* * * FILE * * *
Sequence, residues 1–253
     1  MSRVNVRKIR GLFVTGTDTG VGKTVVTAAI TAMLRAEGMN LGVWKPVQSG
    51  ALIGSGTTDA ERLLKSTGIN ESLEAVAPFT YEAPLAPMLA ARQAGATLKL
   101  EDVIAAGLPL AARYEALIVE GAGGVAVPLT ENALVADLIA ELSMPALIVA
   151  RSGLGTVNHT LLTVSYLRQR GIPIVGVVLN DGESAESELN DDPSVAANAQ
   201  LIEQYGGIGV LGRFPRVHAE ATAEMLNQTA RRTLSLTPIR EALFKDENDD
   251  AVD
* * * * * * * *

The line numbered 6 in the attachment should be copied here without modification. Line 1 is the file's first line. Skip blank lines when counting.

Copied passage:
   201  LIEQYGGIGV LGRFPRVHAE ATAEMLNQTA RRTLSLTPIR EALFKDENDD